You can, by transforming the parameter and how its incremented, directly control how the object moves and what it looks like when it rotates.
  20. Jul 30, 2012 #19
    Thanks, I understand that a non-linear parameter will give the appearance of an accel/decel rotation, but that's more applicable to animation. I also can't see how it would cope with the case where e.g. the ship is at (Y,P,R) = (90,0,0), wants to get to (0,90,0) and is initially rotating around the yaw axis at 10 deg/second - as the path the ship would take is no longer a linear interpolation but a curve.

    I think I can get it to work using something similar to http://www.shiffman.net/itp/classes/nature/week06_s09/seekarrive/ but for rotations. I'm going off on holidays now, and it's not quite working but I suspect it's due to a bug rather than a problem with the method, so I'll see if I can get it fixed when I get back - if I do, I'll post back here with my algorithm.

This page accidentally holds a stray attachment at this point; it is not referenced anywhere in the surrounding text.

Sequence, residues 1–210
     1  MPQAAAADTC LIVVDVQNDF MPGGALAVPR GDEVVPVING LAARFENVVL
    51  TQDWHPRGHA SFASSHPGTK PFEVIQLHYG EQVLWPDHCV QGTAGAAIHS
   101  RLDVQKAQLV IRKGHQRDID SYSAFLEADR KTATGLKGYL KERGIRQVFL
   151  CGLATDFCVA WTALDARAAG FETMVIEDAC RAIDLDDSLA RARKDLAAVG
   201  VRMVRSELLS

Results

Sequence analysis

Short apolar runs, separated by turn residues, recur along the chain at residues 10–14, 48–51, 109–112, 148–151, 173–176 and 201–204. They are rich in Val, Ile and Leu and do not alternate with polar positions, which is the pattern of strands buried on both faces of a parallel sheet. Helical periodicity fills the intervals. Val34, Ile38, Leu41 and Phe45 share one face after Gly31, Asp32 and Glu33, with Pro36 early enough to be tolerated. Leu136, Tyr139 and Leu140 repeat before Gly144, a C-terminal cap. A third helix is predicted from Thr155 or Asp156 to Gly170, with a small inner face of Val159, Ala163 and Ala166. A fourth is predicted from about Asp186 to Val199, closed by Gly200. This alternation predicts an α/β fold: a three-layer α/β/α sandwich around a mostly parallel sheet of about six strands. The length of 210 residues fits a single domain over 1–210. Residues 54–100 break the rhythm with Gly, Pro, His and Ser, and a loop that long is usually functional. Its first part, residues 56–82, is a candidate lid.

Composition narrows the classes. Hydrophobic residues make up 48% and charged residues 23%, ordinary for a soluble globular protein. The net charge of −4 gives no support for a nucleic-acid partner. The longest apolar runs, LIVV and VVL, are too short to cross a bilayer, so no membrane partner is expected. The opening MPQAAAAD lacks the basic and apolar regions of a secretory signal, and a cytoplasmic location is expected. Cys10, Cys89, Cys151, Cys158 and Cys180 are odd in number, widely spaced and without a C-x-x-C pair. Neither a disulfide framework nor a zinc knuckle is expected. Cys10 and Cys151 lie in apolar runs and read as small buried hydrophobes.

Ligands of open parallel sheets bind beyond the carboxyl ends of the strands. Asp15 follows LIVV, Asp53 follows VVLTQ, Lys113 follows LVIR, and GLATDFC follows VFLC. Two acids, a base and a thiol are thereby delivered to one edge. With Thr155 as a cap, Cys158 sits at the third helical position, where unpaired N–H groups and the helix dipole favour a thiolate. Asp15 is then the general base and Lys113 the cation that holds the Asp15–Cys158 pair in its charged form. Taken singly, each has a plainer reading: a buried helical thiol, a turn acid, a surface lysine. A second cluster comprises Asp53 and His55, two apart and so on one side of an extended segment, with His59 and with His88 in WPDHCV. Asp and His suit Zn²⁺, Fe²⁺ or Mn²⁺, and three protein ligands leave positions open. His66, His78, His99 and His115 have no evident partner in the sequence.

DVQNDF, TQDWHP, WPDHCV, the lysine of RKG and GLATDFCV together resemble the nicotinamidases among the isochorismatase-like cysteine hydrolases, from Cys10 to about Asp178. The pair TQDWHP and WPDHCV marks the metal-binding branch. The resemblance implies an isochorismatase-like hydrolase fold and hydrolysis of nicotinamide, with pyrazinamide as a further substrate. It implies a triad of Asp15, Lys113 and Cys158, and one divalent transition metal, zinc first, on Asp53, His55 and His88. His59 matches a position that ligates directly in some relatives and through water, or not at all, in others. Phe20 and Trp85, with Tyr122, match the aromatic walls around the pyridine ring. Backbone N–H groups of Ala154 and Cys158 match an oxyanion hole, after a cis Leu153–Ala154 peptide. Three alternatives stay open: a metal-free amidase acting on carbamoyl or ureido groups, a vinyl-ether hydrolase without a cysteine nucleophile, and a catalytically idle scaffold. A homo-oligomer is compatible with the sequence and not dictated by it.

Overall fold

Thanks for all the suggestions so far!
  21. Aug 16, 2012 #20
    Well, I haven't got C++ working but my python seems to be working well enough - using the seek/arrive steering behaviour I posted in my last post:

    Code (Text):
    #!/usr/bin/env python3

    from math import sqrt,sin,cos,acos

    rot_thrust = 0.01 #degrees per timestep
    DEGTORAD = 0.0174532

    def main():
            rot = Quaternion(1/sqrt(2),0,0,-1/sqrt(2))
            drot = Quaternion(cos(30*rot_thrust*DEGTORAD),0,sin(30*rot_thrust*DEGTORAD),0)
        d2rot = Quaternion(1,0,0,0)

        goal = Vector(0,5,0)
        step = 0

        while abs(rot.w - 1) > 0.00000001:
            step += 1
            d2rot = steer(rot,drot,goal)
            drot = d2rot * drot
            rot = drot * rot

    def steer(rot,drot,goal):
        desired_drot = get_desired_drot(goal,rot,drot)
        desired_d2rot = (desired_drot * drot.inverse()).normalise()
        return get_d2rot(desired_d2rot)

    def get_desired_drot(goal,rot,drot):